Making it up, musically, as he goes along
By Loren King, Globe Correspondent
New Hampshire native Jeff Rapsis plays live music for silent films at about 100 screenings a year. Sometimes it’s a classic he’s accompanied before, such as Charlie Chaplin’s “The Kid” (1921) or Fritz Lang’s “Metropolis” (1927). Other times, the film is new to him. Either way, it’s a “high wire act,” as Rapsis puts it. He improvises a score in real time as the movie rolls, responding to the emotions and actions along with the audience.
Using a digital synthesizer, Rapsis re-creates, as he puts it, the “movie score” texture of a full orchestra. Improvising, he says, is “the best way to come up with just the right music for just that moment, and when it all works, there’s nothing like it.”
Rapsis will provide musical accompaniment for “Stella Maris,” Mary Pickford’s rarely-seen 1918 melodrama, on Aug. 14 at 2 p.m. as part of the Somerville Theatre’s “Silents, Please!” series. It’s the first time he’s provided accompaniment for the movie.
“The Pickford dramas of the late 1910s are often full of great melodramatic energy, and I understand ‘Stella’ is one of the better ones. So the audience and I will discover it together,” says Rapsis. “There’s no way to tell how it holds up until you screen it as intended: on the big screen, with live music, and with an audience.”
Pickford, a pioneering force in early cinema as a screen star, producer, and cofounder of United Artists, was already a major figure when she played dual roles in “Stella Maris.” She’s the title character, a rich and sheltered young woman paralyzed since birth who’s in love with her frequent visitor John Risca (Conway Tearle), a journalist stuck in a loveless marriage to Louisa (Marcia Manon). Pickford also plays Louisa’s abused maid, Unity Blake, who also falls in love with John. The film was directed by Marshall Neilan and scripted by Frances Marion, both frequent Pickford collaborators.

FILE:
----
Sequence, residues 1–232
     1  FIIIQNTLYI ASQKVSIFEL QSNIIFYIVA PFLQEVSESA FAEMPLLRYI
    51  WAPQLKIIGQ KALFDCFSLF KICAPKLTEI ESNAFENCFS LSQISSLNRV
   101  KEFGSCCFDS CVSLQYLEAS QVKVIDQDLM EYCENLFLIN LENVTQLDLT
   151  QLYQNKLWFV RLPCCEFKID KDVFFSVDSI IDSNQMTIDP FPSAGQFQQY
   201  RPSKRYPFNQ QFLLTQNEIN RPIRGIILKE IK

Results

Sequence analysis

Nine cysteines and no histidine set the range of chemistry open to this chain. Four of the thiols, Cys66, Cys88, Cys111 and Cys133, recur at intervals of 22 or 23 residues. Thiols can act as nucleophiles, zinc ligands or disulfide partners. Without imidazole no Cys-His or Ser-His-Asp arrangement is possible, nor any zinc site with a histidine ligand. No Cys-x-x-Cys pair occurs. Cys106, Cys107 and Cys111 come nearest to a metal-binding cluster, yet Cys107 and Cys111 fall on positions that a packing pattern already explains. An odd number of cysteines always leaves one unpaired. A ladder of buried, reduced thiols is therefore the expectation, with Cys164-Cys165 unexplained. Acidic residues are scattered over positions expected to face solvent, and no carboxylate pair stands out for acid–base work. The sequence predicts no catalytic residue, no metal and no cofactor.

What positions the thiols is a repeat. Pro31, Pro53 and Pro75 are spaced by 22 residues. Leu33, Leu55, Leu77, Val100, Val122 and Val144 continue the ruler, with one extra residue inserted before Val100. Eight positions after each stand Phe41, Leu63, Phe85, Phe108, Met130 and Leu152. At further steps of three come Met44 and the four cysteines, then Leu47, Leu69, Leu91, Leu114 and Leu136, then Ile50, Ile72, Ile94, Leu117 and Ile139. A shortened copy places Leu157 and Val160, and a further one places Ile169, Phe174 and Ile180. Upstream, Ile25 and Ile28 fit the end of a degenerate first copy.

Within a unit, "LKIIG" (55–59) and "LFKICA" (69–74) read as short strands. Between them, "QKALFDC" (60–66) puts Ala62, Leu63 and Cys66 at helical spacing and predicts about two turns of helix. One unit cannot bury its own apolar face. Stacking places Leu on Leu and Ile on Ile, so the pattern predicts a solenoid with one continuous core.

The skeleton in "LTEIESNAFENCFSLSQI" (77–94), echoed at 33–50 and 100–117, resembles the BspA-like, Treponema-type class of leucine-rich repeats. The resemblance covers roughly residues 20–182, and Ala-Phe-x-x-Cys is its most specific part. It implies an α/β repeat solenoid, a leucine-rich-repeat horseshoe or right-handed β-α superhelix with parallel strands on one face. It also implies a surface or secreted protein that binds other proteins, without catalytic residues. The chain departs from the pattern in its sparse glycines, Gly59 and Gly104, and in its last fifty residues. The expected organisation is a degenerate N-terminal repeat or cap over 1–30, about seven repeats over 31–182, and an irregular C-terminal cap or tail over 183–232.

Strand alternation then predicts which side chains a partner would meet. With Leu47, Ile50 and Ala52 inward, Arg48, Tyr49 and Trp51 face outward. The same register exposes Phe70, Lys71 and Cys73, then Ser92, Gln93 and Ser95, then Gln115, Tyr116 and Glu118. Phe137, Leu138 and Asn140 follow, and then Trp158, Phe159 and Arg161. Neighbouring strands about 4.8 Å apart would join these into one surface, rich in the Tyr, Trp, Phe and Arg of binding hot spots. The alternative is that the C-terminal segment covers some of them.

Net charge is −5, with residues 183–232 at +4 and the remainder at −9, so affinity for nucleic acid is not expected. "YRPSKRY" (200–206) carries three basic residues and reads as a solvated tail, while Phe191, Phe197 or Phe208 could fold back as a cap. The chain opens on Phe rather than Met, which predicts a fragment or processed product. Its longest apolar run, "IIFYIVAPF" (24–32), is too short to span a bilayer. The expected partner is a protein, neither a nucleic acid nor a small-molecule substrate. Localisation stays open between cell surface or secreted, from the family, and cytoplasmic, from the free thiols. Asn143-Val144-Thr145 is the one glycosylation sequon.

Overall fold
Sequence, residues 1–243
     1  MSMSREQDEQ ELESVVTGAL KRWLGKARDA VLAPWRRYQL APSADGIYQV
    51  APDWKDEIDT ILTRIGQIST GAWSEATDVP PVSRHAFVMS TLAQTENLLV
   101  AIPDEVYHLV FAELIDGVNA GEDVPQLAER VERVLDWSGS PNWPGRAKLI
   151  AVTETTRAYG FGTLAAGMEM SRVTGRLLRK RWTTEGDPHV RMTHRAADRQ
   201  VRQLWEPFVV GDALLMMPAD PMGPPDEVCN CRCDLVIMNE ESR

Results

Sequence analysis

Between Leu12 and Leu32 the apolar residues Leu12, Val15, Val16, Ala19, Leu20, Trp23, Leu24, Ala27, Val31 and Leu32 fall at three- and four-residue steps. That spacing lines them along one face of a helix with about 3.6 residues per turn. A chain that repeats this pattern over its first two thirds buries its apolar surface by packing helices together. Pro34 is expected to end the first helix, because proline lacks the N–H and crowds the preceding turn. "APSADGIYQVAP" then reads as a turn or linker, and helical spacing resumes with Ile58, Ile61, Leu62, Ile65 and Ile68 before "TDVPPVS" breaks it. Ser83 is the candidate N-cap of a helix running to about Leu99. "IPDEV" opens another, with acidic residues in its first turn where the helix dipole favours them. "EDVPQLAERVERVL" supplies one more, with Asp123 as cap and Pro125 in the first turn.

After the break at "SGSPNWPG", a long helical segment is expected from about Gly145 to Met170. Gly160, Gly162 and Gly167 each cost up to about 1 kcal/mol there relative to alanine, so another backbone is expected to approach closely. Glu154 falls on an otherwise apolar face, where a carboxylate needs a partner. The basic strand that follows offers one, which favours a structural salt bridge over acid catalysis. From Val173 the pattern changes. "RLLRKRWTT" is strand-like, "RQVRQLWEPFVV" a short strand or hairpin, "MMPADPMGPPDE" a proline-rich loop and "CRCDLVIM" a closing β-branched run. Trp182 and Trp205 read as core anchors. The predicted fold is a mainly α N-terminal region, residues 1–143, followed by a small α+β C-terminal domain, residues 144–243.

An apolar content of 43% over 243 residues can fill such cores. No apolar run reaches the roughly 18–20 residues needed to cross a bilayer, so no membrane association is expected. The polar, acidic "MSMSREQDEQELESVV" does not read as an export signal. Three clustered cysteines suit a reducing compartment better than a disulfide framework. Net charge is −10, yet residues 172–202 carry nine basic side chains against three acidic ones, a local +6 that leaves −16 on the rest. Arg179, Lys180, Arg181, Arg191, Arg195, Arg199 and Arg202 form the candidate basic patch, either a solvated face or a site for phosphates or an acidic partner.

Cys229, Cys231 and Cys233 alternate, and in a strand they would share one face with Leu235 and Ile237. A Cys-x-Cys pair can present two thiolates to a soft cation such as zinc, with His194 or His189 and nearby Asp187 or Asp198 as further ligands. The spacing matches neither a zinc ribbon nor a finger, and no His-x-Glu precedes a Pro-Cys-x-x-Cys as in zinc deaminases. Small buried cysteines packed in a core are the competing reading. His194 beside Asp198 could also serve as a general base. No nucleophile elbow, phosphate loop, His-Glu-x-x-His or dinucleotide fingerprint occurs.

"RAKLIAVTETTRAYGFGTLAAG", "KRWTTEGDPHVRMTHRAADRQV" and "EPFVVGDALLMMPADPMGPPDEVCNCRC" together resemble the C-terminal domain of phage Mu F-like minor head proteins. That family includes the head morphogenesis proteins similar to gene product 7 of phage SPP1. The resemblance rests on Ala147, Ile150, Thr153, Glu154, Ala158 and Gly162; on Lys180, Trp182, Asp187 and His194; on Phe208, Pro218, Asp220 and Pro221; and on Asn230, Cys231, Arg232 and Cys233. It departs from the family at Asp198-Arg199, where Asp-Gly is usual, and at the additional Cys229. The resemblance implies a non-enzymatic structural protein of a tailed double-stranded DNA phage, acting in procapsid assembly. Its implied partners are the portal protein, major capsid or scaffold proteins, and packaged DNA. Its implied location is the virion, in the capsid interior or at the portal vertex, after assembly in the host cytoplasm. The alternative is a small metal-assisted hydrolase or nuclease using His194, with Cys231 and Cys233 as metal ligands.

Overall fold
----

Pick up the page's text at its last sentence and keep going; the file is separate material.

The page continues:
Despite the heightened drama of many silents, Rapsis says audiences shouldn’t expect his accompaniment to be old-fashioned or unsophisticated. Rather, his scores “wouldn’t be out of place with a contemporary film.”
“I keep to a very traditional orchestral texture, but the music reflects a century’s worth of film-scoring vocabulary that audiences generally expect when they see a movie today. And I think that helps bridge the gap between a film that’s nearly 100 years old and today’s expectations,” he says. “The music encourages people unfamiliar with early cinema to let it in, rather than hold it at arm’s length.”
Crucial to the experience is the Somerville Theatre. As host to the “Silents, Please!” series, the grand theater in Davis Square provides the chance to see silent comedies, dramas, horror films, and epics on 35mm film (the “Stella Maris” print comes from the Library of Congress).
“At a time when commercial Hollywood has almost completely transitioned to digital filmmaking and distribution,” says Rapsis, “the management and ownership of the Somerville Theatre, which is not part of any chain but independently and locally owned, really should be lauded for their continuing commitment to being able to run actual film, 35mm or 70mm, vintage or contemporary, in a first-rate theater with the equipment and expertise to bring the best out of the medium. It’s a tremendous resource for the Boston area for filmgoers to be able to see a century’s worth of cinema on the big screen as it was originally intended.”